Do Malmö’s green solutions provide answers to energy and climate crises? | Whuff News

Recycling, green energy, modesty, what are the recipes when faced with an energy crisis and climate emergency? Euronews visited the city of Malmö, Sweden, known as a model of sustainable economy, to find answers.

Olof and his wife Yuki are both industrial designers, and they are proud of the products they grow, in one of the rented shares in the city of Malmö, in the south of Sweden.

For them, it is a way to save the environment by producing part of the food they eat with their two children.

In their apartment in the city center, Olof and Yuki find sustainable ways of living. They try to buy as many products as possible without packaging, and reuse paper, metal, glass, and plastics as well as biowaste, which goes into biogas production.

Fuel produced from organic waste is what drives most of the city of Malmö’s garbage trucks.

Waste treatment plant

In the waste treatment center visited by Euronews, more than 600,000 tons of waste are treated annually, coming from the 14 municipalities of the area, but also sent to the rest of Europe.

Turned into sludge, the organic waste will be turned into fuel by another company. The remainder supplies the urban grid with energy.

Ann Nerlund, Environmental Educator at Sysav, agrees that burning waste produces carbon dioxide, both carbon dioxide and carbon dioxide.

In an effort to combat this, they are trying to work on removing plastic from burning waste and also exploring the possibility of carbon capture and storage.

The company organized a demonstration of the world’s first automatic sorting machine for used clothes, which was installed on its premises last year.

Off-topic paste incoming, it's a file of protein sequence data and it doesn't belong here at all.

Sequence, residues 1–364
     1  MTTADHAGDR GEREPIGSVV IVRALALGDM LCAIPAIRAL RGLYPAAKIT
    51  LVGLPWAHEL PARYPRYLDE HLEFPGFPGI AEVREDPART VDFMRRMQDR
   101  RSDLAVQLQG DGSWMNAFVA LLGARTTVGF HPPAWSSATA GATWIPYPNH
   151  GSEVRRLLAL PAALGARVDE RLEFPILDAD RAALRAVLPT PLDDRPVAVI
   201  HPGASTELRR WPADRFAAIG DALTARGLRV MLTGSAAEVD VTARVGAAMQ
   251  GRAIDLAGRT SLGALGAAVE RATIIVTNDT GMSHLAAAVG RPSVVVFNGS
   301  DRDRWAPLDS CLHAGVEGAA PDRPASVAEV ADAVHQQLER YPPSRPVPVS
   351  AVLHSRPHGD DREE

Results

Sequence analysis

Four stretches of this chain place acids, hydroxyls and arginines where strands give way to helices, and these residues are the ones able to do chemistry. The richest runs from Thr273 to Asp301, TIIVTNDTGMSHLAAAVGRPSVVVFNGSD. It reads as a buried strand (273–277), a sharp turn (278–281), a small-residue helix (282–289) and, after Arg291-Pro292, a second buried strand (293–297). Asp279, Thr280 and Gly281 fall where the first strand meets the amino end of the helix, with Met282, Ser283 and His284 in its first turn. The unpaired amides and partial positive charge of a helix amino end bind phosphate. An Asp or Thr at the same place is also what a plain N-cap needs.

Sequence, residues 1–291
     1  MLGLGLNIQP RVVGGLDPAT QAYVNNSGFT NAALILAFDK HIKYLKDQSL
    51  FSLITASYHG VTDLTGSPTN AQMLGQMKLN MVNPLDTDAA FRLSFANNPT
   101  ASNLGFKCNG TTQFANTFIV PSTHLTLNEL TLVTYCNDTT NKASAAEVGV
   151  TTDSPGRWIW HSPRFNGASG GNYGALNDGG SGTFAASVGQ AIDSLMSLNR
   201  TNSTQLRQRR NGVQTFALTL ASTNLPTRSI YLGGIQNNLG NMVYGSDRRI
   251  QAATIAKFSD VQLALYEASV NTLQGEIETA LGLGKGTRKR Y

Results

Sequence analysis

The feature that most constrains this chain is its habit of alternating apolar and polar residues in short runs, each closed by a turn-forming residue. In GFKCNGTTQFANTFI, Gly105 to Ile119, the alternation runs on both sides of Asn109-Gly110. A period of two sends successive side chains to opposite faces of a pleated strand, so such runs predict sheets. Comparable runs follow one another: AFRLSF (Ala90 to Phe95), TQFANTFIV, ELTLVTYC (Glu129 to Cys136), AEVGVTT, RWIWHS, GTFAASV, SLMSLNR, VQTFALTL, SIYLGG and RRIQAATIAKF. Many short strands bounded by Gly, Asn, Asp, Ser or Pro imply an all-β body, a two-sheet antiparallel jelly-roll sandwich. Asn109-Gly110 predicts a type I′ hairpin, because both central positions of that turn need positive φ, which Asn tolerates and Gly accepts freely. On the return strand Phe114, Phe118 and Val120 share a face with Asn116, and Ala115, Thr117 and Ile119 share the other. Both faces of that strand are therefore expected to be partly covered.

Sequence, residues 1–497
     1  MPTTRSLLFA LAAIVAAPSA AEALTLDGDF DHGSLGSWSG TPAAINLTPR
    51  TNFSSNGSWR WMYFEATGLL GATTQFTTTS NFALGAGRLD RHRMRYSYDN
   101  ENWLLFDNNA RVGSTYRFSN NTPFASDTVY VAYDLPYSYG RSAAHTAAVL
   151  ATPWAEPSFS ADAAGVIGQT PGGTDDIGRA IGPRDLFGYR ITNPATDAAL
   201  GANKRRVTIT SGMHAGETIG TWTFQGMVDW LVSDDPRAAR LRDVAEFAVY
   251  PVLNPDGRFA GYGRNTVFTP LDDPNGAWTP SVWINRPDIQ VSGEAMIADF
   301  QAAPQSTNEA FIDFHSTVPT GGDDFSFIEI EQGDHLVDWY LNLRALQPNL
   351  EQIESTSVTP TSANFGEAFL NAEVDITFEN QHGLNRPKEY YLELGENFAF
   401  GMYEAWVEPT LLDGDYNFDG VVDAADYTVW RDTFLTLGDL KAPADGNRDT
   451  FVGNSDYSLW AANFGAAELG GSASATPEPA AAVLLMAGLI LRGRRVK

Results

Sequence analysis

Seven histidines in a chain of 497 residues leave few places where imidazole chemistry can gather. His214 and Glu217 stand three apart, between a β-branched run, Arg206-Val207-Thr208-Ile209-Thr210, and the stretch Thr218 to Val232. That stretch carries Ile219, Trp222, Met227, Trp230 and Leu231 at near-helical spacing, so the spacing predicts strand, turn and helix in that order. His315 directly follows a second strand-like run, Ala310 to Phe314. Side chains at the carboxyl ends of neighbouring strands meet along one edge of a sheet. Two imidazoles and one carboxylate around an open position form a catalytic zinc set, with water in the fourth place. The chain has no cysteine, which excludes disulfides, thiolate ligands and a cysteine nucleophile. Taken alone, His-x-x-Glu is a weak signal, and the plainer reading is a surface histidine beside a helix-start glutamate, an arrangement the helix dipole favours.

Sorted by color and fiber using optical sensors, some 24,000 tons of textile waste can be processed every year and effectively reused by manufacturers in this sector.

A promising technology on a European scale, where around 4 million tonnes of textile waste are incinerated or dumped in landfills every year.

Cargo Bikes and 560 km of bike paths

Smart homes, renewable energy, clean vehicles, the city of Malmö has been looking at all the ways to a sustainable economy since the oil crisis of the 1970s.

A philosophy that shaped the daily life of the citizens. Bicycles are a popular mode of transport in Malmö, with 560 kilometers of bicycle paths.

In fact, bicycles represent more than a quarter of all urban traffic in this city of about 340,000 people.

65 percent of the city’s buses run on electricity, and some run on biogas. The goal is for all ships to be fully electric by 2030.

Sweden’s green brain is also on the menu at Spill, a trendy restaurant in the popular Malmö district. Here, two daily dishes are made only from waste and leftovers. According to the United Nations, more than a billion tons of food, one third of the food produced by humans, is wasted every year around the world.

The restaurant’s founder, Erik Andersson Mohlin, a former chef with two stars in the Michelin Guide, is waging a war against food waste. And his restaurant seems to be very popular with customers, 220 to 300 tables are served every day.

40 percent reduction in energy Malmö

Over the past 30 years, Malmö’s policies have helped reduce energy consumption by 40 percent, but the city is not immune to the impact of the war in Ukraine on electricity prices.

It is indexed to the prices of the European market, and due to the decline of domestic resources, they have quadrupled since the beginning of the year.

Jonas Kamleh is a Senior Doctor of Climate and Energy Change, in the City of Malmö, “_Every year, we have an excess of electricity in Sweden.__So we export._What is happening now is that we cannot produce enough energy to cover our energy consumption and what we can export to Europe, because the demand is so great in the European market..”

Energy consolidation is as inevitable in Sweden as it is elsewhere. For Olof and Yuki, it’s the only possible option.

“The global economy is fueled by 85% fossil fuels.” Olof says. “And what we’re doing now, is we want to replace that 85% with something else. _Most of the so-called alternatives, solar, wind, are also very much included in the extractive economy._I think the way forward is to greatly reduce energy consumption and energy consumption. As long as we don’t accept that we need to change the way we live, it won’t happen.

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